Slow Wine Fair: representatives of the Slow Wine Coalition from 25 countries gather in Italy 

13 Fev 2024 | English

The Slow Wine Fair, to be held in Bologna (Italy) at the end of February, is first and foremost the most important gathering of the international Slow Wine Coalition, which brings together everyone involved in the international wine chain, from farmers and viticulturalists to distributors and sommeliers. In this third edition more than 800 exhibitors from 25 countries are expected to participate, with almost 700 from Italy and more than 130 from all over the world. Among them there will be 40 exhibitors from France, 17 from Spain and Austria, and 7 from Germany. Over these days of meetings, discussions and debates, winemakers establish alliances and new projects. 

Here you find a selection of stories from all around the world. 

France- Germany: where Beaujolais meets Rheingau

After meeting at Slow Wine Fair 2023, Vignerons de Lantignié, a collective representing 14 slow winemakers in the Beaujolais region of France, and Die Glugg, which represents 7 winemakers in the Rheingau region in Germany, decided to meet to discover each other’s techniques, challenges and strategies. The two groups formed a collective to communicate their shared philosophy and approach to winemaking. They are mainly focused on organic viticulture and oenology using agroecological practices. Vignerons de Lantignié are mainly focused on viticultural techniques and communication about their local terroir. Winemakers share the same commercial strategy and also face the same dilemmas and challenges to defend their agroecology viticulture. 

The key idea is to show “that something different is possible” in their local area, putting a stronger focus on natural winemaking.

Find out more here.  

The Heritage Vines of Turkey initiative

Turkey is in the top five countries worldwide in terms of vineyard area, ahead of the USA and Argentina, and behind only Spain, France, China and Italy. Yet Turkey produces a relatively small amount of wine, less than 100,000 liters a year, as most of the grapes are not used for winemaking. Nonetheless, the country is home to an enormous diversity of grape varieties: hundreds, in fact; though only around 60 are used commercially, meaning an enormous heritage of biodiversity lies in the hands of the country’s small-scale grape growers. The Heritage Vines of Turkey project, aims to catalog and safeguard this diversity. 

“We aim to ensure the survival of our country’s deeply rooted vineyard areas. We do this by drawing attention to their existence and restoring economic value to their grapes” – Sabiha Apaydın, project leader.  

More here. 

Indigenous grapes from Argentina – We then meet Gaston Cruz of Bodega Don Milagro in Argentina’s northernmost region, Jujuy. While the popular image of Argentine viticulture is dominated by production in the Mendoza region, which tends to be large-scale, in other parts of the country we find virtuous producers who guard ancient vineyards. Such is the case of Gaston Cruz, an indigenous winemaker working with native grape varieties in the Quebrada de Humahuaca.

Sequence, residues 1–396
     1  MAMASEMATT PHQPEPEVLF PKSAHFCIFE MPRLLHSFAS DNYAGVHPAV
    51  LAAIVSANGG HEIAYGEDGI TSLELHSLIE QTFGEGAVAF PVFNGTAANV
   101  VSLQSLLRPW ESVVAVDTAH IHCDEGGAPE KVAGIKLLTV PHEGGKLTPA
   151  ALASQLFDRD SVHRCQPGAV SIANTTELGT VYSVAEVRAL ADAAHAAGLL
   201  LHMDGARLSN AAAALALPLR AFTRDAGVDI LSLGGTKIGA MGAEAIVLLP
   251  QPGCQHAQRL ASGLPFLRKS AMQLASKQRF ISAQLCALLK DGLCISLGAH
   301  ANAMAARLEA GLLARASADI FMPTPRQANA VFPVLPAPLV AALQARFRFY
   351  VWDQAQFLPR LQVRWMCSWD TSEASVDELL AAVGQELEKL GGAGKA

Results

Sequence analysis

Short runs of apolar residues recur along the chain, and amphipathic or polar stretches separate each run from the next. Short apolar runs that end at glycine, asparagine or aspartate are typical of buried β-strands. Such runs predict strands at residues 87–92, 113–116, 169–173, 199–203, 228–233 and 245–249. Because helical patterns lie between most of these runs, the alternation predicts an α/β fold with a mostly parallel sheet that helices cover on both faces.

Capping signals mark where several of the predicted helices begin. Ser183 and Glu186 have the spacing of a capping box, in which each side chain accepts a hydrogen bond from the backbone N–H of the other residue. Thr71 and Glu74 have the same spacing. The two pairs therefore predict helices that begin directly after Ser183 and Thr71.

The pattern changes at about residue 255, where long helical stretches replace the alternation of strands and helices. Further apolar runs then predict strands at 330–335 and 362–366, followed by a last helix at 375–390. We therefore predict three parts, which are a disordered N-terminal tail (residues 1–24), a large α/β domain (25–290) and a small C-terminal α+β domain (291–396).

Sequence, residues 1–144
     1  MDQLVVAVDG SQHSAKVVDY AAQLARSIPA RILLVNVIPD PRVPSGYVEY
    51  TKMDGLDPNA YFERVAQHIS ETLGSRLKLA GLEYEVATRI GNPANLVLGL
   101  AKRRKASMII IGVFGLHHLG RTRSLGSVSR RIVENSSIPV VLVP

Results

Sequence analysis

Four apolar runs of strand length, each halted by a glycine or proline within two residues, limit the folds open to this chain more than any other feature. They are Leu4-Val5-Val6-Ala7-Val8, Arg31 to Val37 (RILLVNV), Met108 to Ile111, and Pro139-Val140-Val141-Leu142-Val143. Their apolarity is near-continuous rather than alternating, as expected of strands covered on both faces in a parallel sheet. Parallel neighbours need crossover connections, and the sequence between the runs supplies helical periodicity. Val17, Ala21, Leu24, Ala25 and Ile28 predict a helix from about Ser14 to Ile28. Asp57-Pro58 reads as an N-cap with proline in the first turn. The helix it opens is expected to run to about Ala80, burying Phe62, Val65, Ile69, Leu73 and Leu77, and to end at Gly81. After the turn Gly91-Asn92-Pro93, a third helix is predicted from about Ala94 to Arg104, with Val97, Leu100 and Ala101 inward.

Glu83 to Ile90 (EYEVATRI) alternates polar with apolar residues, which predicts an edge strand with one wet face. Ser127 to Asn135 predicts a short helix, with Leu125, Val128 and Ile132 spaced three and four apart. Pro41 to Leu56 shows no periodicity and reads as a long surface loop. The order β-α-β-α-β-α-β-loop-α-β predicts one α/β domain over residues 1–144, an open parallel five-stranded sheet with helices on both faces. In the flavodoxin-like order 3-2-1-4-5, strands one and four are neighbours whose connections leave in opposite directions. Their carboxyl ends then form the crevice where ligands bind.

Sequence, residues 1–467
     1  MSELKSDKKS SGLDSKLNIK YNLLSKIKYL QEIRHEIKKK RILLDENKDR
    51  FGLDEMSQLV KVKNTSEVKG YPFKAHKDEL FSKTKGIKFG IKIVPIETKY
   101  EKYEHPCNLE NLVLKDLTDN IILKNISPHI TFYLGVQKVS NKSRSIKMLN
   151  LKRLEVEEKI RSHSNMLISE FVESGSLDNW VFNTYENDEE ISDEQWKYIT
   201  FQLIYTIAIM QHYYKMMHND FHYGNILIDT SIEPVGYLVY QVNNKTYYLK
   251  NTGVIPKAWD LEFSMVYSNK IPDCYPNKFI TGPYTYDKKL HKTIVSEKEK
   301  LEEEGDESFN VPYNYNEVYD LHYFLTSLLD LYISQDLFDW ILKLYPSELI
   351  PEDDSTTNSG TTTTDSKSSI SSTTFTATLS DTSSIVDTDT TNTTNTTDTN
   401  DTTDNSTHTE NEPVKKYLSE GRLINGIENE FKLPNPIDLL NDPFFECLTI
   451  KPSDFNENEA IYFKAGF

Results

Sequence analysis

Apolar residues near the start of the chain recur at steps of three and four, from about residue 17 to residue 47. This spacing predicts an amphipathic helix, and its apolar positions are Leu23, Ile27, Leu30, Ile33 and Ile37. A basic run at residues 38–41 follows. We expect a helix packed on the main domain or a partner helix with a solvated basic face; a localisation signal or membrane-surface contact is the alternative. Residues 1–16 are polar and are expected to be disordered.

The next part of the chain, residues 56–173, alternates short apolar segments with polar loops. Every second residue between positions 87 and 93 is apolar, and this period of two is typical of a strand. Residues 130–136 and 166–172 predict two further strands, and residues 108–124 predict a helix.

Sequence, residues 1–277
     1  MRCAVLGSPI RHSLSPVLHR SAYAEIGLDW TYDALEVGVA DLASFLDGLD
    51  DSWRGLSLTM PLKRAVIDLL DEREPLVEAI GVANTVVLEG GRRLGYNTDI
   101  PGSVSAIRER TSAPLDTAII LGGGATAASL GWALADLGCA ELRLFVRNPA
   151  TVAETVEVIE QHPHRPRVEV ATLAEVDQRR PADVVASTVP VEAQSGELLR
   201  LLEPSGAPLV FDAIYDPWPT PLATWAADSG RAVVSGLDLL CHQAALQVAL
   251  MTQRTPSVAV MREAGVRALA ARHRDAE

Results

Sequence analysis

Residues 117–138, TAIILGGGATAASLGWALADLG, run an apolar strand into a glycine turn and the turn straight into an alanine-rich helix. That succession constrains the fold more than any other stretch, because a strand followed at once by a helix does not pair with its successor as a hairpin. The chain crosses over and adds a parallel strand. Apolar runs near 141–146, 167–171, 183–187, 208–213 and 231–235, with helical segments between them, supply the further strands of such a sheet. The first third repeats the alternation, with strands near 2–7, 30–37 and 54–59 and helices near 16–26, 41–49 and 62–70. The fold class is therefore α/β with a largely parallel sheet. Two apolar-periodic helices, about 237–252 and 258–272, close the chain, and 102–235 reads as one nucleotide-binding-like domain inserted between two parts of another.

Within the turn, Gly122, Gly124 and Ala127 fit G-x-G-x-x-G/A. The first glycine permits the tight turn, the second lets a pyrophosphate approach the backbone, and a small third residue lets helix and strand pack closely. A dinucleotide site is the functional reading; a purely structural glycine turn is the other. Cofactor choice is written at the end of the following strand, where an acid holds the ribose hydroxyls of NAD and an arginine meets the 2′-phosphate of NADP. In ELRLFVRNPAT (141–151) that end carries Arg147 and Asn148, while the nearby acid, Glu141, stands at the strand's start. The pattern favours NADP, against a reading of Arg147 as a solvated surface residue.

Japan at the Fair for the first time – For the first time there will be two producers from Japan: Grape Republic, from Yamagata prefecture, and Coco Wine, from Tochigi prefecture. Grape Republic, founded in 2017, does not use pesticides, fertilizers, antioxidants and works exclusively with natural yeasts to produce a wine that reflects the local terroir as much as possible. Similarly, Coco Wine has been following this production philosophy since 1984.

Spanish presence is increasing

Exhibitors from Spain are increasing, with the presence of seven Galician winemakers, including Bodega Pentecostés, which guards the only vineyard included in the Rias Baixas AOC, located in the Miñor Valley region, and Adega do Ricón, a winery that enhances the territory’s native varieties by making as few interventions as possible in the vineyard and cellar. 

International winemakers and representatives of the Slow Wine Coalition will be the protagonists of the Demeter Arena program, which offers conferences and debates to discuss the most actual topics related to wine. 

Participants will learn more about winemaking in the Beaujolais region of France, the Azeri vineyards where the madrasa grape is cultivated (a Slow Food Presidium), viticultural initiatives among communities in Italy, biodynamics, agroecology and sustainable production practices. Among the speakers, we mention Lydia and Claude Bourguignon, who have inspired generations of winegrowers worldwide by discussing soil fertility and its regenerative capacity.

Book presentations and lectures will also animate the Casa Slow Food and Reale Mutua Space, which offer a rich and varied program. 

Here you find the exhibitors catalog. 

Here the program. 

Get your press accreditation here. 

The Slow Wine Fair 2024 has the patronage of the Ministry of Agriculture, Food Sovereignty and Forestry and the Municipality of Bologna and is realized with the support of ICE – Agency for the Promotion Abroad and Internationalization of Italian Enterprises of the Ministry of Foreign Affairs and International Cooperation, Enoteca Regionale dell’Emilia-Romagna, FederBio, Fipe and Confcommercio Ascom Bologna. The fair enjoys the collaboration of Amaroteca and ANADI – Associazione Nazionale Amaro d’Italia, Demeter and Tannico. Main partners of the event are Luigi Bormioli, Reale Mutua and WinterHalter. In kind partners are Acqua S.Bernardo, Gruppo Saida, Pulltex. Media partners are,,, Green Retail,, I Grandi Vini, Italy Export, Luxury Food & Beverage Magazine, Premiata Salumeria Italiana, Radio Wellness, TecnAlimentaria Beverage Industry, tabUi and Terra Nuova.

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